"Compared with nuclear power, coal is responsible for five times as many worker deaths from accidents, 470 times as many deaths due to air pollution among members of the public, and more than 1,000 times as many cases of serious illness, according to a study of the health effects of electricity generation in Europe."
But there are lots of other factors that whiz by without an easy calculus. There is yet no solution to used fuel storage. There are qualitative factors and projections about the health impacts of climate change. But like expert predictions for BB brackets I've very unconvinced that the analysis reported by the Post is adequate. Citizens do have to choose which energy sources they might support, but the interactions with the environment of each energy approach is more like the team contest and equally hard to predict. Linear projections are untrustworthy tools for dynamic situations and there is always the aspect of human biases to wrestle with. It is well known that our perception of risk is not calculated logically from a neutral unbiased view of the evidence. Rather the psychology of how we process a perception and respond to risk situations mixes emotional reactions to how we interpret evidence. We can be very influenced by salient evidence, such as team rankings, the height of players, even their personality. Once we’ve made up our mind about a risk, a confirming bias takes over and we choose to believe the evidence that agrees with what we already believe. All very humbling and cautionary for how we bracket our decisions about important topics.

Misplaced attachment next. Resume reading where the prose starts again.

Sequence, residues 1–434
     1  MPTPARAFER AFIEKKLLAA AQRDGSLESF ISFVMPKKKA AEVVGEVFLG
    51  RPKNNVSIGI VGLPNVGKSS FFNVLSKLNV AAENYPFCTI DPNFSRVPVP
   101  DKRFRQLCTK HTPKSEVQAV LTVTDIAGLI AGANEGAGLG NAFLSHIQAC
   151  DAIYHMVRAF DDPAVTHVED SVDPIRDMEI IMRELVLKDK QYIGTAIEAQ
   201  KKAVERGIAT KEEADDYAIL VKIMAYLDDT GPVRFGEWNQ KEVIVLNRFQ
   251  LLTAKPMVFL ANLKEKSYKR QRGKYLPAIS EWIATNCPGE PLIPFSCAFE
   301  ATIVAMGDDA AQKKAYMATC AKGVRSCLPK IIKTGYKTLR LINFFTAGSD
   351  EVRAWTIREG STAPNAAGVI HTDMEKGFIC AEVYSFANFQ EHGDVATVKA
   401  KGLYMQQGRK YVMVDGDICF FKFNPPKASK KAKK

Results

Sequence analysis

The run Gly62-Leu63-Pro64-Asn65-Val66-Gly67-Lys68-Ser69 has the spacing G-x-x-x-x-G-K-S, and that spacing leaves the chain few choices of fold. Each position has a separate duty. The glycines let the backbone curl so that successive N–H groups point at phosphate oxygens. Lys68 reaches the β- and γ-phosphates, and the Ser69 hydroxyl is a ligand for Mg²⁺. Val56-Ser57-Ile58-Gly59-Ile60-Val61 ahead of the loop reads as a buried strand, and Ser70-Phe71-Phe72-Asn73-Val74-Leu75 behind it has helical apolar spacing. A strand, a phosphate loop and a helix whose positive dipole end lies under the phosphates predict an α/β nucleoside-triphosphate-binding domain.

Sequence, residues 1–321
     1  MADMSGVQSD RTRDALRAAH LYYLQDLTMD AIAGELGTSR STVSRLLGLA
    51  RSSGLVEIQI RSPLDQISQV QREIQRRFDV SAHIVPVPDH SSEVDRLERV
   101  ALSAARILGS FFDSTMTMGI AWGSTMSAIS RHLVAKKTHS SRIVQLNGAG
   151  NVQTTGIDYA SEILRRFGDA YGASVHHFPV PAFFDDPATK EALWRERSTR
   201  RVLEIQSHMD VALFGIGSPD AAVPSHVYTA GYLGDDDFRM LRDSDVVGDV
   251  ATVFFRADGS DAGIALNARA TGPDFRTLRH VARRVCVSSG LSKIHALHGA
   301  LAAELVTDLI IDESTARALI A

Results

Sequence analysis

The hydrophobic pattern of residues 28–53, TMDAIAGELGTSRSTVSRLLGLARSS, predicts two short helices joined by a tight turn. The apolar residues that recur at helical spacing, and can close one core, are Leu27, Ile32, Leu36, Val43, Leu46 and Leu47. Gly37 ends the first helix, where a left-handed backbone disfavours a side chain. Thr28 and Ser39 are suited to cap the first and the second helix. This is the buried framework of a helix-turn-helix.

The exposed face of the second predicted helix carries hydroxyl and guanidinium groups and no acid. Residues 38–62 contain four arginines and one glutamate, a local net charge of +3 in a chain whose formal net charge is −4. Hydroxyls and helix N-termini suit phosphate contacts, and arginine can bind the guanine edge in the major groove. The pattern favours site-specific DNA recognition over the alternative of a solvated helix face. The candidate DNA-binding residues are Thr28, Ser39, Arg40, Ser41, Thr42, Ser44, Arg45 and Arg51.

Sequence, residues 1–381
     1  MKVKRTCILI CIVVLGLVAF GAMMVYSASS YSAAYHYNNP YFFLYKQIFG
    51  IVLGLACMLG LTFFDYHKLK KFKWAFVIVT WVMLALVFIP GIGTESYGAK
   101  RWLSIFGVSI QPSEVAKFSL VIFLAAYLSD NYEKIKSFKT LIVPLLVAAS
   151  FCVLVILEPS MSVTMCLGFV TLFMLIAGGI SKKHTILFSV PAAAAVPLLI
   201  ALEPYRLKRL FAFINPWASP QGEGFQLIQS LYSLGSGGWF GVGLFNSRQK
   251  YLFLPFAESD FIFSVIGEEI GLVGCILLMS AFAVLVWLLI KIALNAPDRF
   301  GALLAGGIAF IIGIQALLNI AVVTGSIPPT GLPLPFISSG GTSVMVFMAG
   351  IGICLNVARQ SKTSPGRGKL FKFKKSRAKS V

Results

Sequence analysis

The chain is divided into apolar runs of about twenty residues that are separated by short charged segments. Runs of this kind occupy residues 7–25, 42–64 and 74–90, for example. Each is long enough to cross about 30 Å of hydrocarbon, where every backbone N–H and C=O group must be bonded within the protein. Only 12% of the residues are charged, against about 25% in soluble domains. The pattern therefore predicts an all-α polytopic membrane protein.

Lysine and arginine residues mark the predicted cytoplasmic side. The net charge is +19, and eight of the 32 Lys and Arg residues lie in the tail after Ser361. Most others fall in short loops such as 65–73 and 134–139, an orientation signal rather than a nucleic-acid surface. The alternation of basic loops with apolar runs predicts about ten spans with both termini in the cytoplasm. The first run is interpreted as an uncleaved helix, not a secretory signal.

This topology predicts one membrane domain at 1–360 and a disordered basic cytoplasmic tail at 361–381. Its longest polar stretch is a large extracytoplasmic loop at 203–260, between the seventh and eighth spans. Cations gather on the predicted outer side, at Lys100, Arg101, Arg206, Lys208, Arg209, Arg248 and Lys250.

A final thought on analysis of religions and secular humanist. Don Wharton discussed some ideas on the possible end of religion - http://secularhumanist.blogspot.com/2011/03/end-of-religion.html Again something like a linear projection is involved and cultural paths of rival ideas is likely to be more dynamic. After all the alumni of some groups is pretty strong, has good guard play and a good recruiting system. Of yes, and they can play rough.
It might be fun to think about secularism in a contest with such religions.
We might have the Big Old West religions Christianity: 2.1 billion with many sub-divisions and New East religions Islam: 1.5 billion (all figures from http://www.adherents.com/Religions_By_Adherents.html
In the New West we have :
Secular/Nonreligious/Agnostic/Atheist: 1.1 billion
In the Old East we have:
Hinduism: 900 million
Chinese traditional religion: 394 million and
Buddhism: 376 million
That still leaves space for the mid-majors such as
Primal-indigenous (that old Pagan category?): 300 million
African Traditional & Diasporic: 100 million
Sikhism: 23 million
Juche: 19 million
Spiritism: 15 million
Judaism: 14 million
Baha'i: 7 million
Jainism: 4.2 million
Shinto: 4 million
Cao Dai: 4 million
Zoroastrianism: 2.6 million
Tenrikyo: 2 million
Neo-Paganism: 1 million
Unitarian-Universalism: 800 thousand
Rastafarianism: 600 thousand
Scientology: 500 thousand
I'm not exactly sure how to bracket these, but you know who I am rooting for overall. The thing is that predicting a winner in the next few rounds is hazardous and I'm not going to rely on a simple linear projection.